North Korean leader Kim Jong-un has ordered the country's rockets to be on stand-by targeting the US and South Korea following the flight of two American stealth bombers over the Korean Peninsula.
The state-run Korean Central News Agency (KCNA) said: "[Kim] convened an urgent operation meeting on the Korean People's Army's Strategic Rocket Force's performance of duty for firepower strike at the Supreme Command at 00:30 Friday."
The North Korean leader said the time has come to "settle accounts" with the US. North Korea views that the recent flight of nuclear-capable B-2s, as part of a military drill, has gone "beyond the phase of threat and blackmail".
Once again stepping up the threats against the US and South Korea, Kim said: "If they make a reckless provocation with huge strategic forces, the Korean People's Army should mercilessly strike the US mainland, their stronghold, their military bases in the operational theatres in the Pacific, including Hawaii and Guam, and those in South Korea."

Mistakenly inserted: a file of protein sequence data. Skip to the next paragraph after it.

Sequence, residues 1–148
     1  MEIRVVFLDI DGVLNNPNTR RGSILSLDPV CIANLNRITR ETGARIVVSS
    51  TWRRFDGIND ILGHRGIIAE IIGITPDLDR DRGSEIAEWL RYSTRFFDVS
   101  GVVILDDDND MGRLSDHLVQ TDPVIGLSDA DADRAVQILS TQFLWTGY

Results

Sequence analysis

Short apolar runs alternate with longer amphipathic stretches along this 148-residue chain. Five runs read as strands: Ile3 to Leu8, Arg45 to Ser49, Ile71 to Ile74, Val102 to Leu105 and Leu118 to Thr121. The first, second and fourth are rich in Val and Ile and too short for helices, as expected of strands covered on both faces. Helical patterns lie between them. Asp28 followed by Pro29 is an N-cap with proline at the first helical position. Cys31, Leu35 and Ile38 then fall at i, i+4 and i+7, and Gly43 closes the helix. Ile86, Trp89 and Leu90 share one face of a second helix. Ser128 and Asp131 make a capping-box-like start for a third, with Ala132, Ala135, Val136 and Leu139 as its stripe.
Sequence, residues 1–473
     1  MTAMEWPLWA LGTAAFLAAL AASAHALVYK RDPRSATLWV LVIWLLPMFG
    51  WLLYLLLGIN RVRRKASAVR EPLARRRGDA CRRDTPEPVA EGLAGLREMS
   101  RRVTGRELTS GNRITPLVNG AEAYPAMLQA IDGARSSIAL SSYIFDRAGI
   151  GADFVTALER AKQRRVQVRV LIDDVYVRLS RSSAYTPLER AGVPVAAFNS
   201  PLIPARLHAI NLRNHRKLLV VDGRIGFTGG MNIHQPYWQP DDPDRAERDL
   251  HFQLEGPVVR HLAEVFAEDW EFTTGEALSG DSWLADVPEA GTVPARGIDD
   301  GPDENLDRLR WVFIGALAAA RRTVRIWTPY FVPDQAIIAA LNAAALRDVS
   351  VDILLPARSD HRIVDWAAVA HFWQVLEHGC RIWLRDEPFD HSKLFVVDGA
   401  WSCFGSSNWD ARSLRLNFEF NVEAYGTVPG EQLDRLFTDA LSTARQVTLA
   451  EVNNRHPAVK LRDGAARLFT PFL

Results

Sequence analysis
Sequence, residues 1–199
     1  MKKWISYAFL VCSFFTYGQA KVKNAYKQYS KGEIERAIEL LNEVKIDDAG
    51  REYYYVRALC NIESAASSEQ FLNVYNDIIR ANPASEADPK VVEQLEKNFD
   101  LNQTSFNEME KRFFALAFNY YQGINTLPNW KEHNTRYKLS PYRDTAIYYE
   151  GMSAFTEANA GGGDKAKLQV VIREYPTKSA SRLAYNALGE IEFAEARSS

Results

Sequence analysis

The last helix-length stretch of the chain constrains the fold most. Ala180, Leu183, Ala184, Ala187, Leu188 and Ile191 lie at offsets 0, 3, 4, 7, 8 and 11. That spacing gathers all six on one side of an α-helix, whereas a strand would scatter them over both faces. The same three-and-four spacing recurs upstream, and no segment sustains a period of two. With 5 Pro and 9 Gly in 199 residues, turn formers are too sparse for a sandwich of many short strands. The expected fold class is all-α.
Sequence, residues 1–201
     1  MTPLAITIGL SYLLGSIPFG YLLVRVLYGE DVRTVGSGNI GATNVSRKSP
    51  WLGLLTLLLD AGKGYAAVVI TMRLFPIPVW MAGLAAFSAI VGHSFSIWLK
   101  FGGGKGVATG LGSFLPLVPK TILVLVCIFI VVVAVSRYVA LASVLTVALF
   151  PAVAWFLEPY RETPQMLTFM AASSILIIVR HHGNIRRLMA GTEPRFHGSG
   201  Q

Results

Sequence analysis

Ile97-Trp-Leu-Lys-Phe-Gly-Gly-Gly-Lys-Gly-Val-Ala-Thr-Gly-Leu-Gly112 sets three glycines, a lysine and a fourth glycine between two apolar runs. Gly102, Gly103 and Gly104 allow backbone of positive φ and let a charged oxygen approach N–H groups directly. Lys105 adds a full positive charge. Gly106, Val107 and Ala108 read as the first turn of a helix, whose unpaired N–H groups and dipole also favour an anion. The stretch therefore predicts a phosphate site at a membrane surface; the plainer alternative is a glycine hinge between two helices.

North Korea possesses Soviet-era scud missiles, capable of striking Seoul and US bases, but its long-range missiles are yet to be tested. Although North Korea claims the long-range missiles can strike the US mainland, many experts believe the defiant nation does not have enough technical capability to carry out a strike.
The KCNA said: "Kim declared the revolutionary armed forces of the DPRK would react to the US nuclear blackmail with merciless nuclear attack, and war of aggression with an all-out war of justice."
Reports from Seoul also suggest that troop and vehicular movements have been detected at North Korea's missile launching sites.
"Sharply increased movements of vehicles and soldiers have been detected recently at North Korea's mid and long-range missile sites," a South Korean military official told the Yonhap news agency.
South Korea has kept a close watch on all short-range, mid-range and long-range missile launch sites in North Korea.
US Secretary of Defence Chuck Hagel said Washington is prepared for "any eventuality".
"I think their very provocative actions and belligerent tone have ratcheted up the danger. And we have to understand that reality," said Hagel during a press conference.
He also conceded that "there are lot of unknowns" pertaining to the secretive nation.